Box Four 11/05/09
the Vampire Slayer #30
brought to you by Illusive
Comics and Games of Santa Clara
writer: Jane Espenson
artist: Georges Jeanty
The advantage of taking Buffy over to comics has long been
obvious. If the series had gone to an eighth season, there's
no way the CW would have sprung for giant Chinese goddesses.
Nor likely all the werewolves, and the disturbing presence
of skinless evil genius Warren.
In bringing all these to life on the comics
page, artist Jeanty absolutely shines. The battle scenes
have a strong sense of scope, with carnage (relatively tasteful)
spread far and wide. As a horror artist, Jeanty has a thick
line delineating the inhuman well.
Unfortunately, that also reveals his weakness,
or perhaps a weakness in moving Buffy to the printed page.
Only one of our heroes really has a distinctive visual look,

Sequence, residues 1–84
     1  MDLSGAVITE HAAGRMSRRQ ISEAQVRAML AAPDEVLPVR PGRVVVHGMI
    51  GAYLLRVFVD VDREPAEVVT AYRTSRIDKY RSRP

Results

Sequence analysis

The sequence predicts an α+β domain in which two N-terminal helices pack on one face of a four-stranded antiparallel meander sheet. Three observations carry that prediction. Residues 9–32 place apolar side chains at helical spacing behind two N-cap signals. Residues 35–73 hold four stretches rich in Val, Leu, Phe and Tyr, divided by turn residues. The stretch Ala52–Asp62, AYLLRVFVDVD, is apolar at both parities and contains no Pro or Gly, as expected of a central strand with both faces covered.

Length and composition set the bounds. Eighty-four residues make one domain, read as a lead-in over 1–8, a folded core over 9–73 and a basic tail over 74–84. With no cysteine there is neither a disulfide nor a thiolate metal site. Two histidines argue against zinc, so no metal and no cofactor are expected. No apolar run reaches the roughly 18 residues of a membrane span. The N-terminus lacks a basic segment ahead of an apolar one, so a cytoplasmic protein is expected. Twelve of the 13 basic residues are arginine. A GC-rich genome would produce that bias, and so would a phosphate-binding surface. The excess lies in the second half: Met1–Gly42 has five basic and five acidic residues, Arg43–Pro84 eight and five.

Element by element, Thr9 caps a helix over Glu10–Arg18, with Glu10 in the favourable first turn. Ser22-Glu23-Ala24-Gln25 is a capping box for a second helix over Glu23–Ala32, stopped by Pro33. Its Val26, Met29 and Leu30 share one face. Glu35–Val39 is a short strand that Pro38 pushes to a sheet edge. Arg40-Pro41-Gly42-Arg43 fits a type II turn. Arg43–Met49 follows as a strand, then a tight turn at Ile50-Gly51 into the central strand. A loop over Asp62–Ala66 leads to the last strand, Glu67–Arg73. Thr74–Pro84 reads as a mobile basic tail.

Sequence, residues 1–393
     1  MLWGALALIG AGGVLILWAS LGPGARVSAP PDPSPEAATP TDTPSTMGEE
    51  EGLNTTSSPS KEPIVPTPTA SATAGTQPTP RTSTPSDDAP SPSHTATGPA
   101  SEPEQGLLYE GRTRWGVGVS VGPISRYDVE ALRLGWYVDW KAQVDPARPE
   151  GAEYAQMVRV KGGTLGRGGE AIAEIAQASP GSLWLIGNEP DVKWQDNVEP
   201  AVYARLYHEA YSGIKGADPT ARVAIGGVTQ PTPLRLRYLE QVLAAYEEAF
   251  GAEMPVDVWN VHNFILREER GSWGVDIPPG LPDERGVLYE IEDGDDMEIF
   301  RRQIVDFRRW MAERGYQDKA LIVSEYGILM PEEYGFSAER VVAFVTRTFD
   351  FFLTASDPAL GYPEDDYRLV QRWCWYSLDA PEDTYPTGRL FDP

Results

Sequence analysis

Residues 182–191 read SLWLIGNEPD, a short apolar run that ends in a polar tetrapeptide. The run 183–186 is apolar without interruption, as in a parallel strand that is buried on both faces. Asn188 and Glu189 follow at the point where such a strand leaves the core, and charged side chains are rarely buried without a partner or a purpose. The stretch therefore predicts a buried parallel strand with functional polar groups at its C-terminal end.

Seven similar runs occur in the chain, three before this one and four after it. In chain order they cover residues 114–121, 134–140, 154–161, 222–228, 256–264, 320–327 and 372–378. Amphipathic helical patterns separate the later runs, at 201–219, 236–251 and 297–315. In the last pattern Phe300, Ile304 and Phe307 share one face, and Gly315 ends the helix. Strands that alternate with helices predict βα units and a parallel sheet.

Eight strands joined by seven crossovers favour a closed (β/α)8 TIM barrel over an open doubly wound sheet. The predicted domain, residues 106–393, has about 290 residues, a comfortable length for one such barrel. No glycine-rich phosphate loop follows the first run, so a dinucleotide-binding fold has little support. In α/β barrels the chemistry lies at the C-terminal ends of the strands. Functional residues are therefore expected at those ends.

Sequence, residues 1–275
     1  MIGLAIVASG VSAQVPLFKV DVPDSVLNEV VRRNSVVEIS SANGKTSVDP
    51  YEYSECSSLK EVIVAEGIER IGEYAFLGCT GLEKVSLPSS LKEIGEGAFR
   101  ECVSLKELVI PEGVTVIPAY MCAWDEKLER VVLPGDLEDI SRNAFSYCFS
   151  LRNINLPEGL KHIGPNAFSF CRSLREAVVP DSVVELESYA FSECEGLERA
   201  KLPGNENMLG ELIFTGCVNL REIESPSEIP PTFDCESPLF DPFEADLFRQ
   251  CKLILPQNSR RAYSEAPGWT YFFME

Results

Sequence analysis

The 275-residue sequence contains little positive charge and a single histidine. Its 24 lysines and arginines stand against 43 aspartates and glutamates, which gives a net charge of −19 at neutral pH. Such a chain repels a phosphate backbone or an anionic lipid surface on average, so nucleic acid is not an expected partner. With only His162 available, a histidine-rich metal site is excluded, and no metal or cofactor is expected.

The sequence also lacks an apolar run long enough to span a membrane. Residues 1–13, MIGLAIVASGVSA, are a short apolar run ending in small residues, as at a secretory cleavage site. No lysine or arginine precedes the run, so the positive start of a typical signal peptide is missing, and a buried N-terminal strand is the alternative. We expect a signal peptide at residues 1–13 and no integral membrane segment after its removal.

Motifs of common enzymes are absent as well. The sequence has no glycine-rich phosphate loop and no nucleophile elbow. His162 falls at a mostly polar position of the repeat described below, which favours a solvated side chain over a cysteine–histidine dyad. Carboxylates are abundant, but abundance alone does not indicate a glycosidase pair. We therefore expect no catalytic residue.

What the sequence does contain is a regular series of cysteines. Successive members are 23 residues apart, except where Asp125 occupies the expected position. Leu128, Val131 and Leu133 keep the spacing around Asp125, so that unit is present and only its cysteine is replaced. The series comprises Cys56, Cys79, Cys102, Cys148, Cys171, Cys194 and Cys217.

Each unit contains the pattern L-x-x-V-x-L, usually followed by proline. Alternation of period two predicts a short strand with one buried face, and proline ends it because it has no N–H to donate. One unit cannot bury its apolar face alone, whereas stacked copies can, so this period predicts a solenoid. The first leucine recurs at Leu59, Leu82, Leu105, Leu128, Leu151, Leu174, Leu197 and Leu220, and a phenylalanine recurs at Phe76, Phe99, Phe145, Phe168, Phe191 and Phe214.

and that would be Xander, black-haired and eye-patched.
It's not quite as big a problem with the men, as there are
very few in comparison to Buffy's army of Slayers, but take
a look at a panel with Andrew, Oz and Riley all together.
It's a little hard to tell which is which.
And that becomes really annoying when Jeanty
draws women. I can't be sure, but I think Faith (Eliza Dushku)
was among them for a moment, but it may have been Buffy.
Or maybe it was Dawn. There's a little soap opera/potential
love triangle going on which is almost impossible to track
because Espenson leaves it to Jeanty to show us who's hugging
who, who's jealous, etc. - and we just don't know who these
Oh, we know; we just can't recognize
them. The scripting isn't at fault. The plotting is great,
the dialogue crackles and if you're a hardcore fan, it's
easy to hear the original actors saying the lines - if you
can tell which character it is. Again, at least Xander and
Andrew have a similar snark, and Oz has his usual terseness.
The girls? An all-purpose sarcasm.
Still a worthwhile book and always an enjoyable
read, Buffy the Vampire Slayer just comes with this
little bit of frustration. It's a small price to pay.